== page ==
Every dog lover has their own preferences when choosing a dog breed. However, it is essential that your decision is not based solely on whether you find the appearance of a breed appealing, as it is a serious decision and not all breeds are suitable for all households. It is vital you research your preferred dog breeds carefully to make sure they have the right personality traits, physical characteristics, and needs to suit your family and your lifestyle. It is particularly important to do so if you are considering a designer breed, as these often have a combination of the characteristics and traits of two pedigrees. One designer breed is a Chion, and here are 20 things you might not know about the Chion to help you decide if it is the right designer breed for you.
1. One Parent is a Papillon
A Chion is a designer breed that is created by breeding two pedigree breed dogs. One parent is the Papillon. It is a breed that originates from France, and it was first identified in the 1500s. Originally, these dogs were called Dwarf Spaniels. Papillons were popular with European royalty and dignitaries. The breed was introduced to the United States in the 20th century, and they were accepted as a breed by the American Kennel Club in 1915.
2. The Other Parent is a Chihuahua
The other pedigree parent of a Chion is a Chihuahua. It is the smallest officially recognized dog breed, and it is named after the Mexican state from which it originates. The breed was first discovered in the 1800s and was then introduced to the United States. Chihuahuas were accepted as a breed by the American Kennel Club in 1904. Although both parents are recognized by the American Kennel Club, the Chion cannot register with them because it is a mixed breed. Chihuahuas come in short and long-haired varieties of various colors, and they usually weigh between four and seven pounds. The popularity of Chihuahuas rose during the 1990s when it became fashionable to carry small dogs around in handbags. Although the Chihuahua and Papillon are from different continents, they are both toy breeds that share many physical characteristics.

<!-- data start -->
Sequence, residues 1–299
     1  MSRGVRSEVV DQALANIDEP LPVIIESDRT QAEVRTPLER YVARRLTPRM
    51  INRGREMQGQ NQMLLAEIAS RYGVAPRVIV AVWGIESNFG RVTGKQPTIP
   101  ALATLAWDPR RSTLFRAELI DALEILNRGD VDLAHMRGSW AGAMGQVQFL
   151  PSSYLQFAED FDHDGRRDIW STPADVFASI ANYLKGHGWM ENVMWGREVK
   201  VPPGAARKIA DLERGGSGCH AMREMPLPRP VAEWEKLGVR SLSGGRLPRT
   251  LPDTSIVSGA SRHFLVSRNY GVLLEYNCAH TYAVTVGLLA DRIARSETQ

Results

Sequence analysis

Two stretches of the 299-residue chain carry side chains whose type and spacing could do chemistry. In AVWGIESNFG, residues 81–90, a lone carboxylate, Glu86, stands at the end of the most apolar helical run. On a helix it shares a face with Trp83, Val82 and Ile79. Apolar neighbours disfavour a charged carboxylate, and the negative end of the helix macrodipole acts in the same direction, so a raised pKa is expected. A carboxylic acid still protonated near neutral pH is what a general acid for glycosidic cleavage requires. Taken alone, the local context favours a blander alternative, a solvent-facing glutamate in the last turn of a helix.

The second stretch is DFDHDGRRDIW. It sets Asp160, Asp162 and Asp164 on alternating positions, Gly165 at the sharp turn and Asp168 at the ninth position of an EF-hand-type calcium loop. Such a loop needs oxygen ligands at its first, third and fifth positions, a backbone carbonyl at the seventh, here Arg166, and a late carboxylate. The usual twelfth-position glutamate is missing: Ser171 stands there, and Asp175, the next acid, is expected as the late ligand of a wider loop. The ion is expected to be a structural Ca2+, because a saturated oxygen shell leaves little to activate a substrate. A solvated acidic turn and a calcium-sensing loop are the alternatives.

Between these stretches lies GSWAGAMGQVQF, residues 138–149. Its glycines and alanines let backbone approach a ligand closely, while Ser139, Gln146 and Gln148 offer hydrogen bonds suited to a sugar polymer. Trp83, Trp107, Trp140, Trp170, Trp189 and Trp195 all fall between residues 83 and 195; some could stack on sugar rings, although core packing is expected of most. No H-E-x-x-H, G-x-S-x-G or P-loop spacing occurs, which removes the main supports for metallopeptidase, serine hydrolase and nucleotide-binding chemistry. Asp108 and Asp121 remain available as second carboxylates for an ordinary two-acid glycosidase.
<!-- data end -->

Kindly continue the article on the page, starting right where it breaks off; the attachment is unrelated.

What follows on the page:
3. They Are Known by Several Names
Although Chions is the most common name used for this dog breed, they are also known by several other names. Some of the other names by which they are known include the Chi-a-Pap, the Pap-Chi, and the Papihuahua.
4. Chions Are a Small Dog Breed
Chions are classed as a small dog breed, although they can vary slightly in size. The two factors that determine the height of a Chion are whether they inherit their height from their Paillon or Chihuahua parent and whether they are male or female. Generally, a male Chion will grow to a height of between seven and 11-inches. A female Chion is usually between six and 11-inches.
5. They Can Weigh Up to 10 Pounds
The weight of a healthy adult Chion is between seven and ten pounds. Usually, male Chions are slightly heavier than female Chions. According to Wag Walking, a female dog’s weight is typically six to nine pounds, while a male dog usually weighs between seven and ten pounds. The weight of a Chion also depends on several other factors, including whether they get enough exercise and if they eat a healthy and balanced diet. If a Chion does not get enough exercise and they eat too much food or have an unhealthy diet, then it is likely they will become obese. Obesity is dangerous for a dog as it significantly increases the risk of them developing serious health conditions, such as diabetes, joint problems, and cardiovascular diseases. Therefore, it is vital that you make sure your dog maintains a healthy weight.
6. Chions Have a Short to Medium Coat
The coat of a Chion is short to medium, and it is fine with a coarse texture. Although they do shed a little, they are not known to shed excessively. Therefore, it is unlikely that you will need to spend hours cleaning up dog hair from around your home. Chions often shed more in the summer months.
7. They Have Fringes of Hair at Various Points
The coat of a Chion is distinctive as they have fringes of hair at various points on their body where the hair is a little longer than the rest of the coat. These fringes are usually on the backs of their legs, necks, tail, ears, and throat.
8. They Are Easy to Groom
If you want a dog that is easy to groom, then a Chion is a good option. Due to the shorter length of their coat, they are not prone to tangling. Similarly, as they do not shed too much, you do not need to spend lots of time grooming them to get rid of excess hair. Giving their coat a quick brush twice a week is all they need. However, there are some other grooming tasks that you must also complete occasionally. For example, you will need to trim their nails, and you should check their ears for excess wax. They will also need a bath at least once a month to keep their coat and skin in good condition.
9. They Are Available in Various Colors
There are various colors available, with some Chions having a solid coat and others having a bicolor or tricolor coat. Some of the most common solid colors include black, cream, brown, golden, chocolate, and fawn. Dogs with two or more colors are usually black and brown, black and white, or black, brown, and white. It is also possible for them to have different nose colors. Most have either a black or brown nose. However, some have an Isabella nose, which is a lilac-gray color.
10. Most Get Along with Other Pets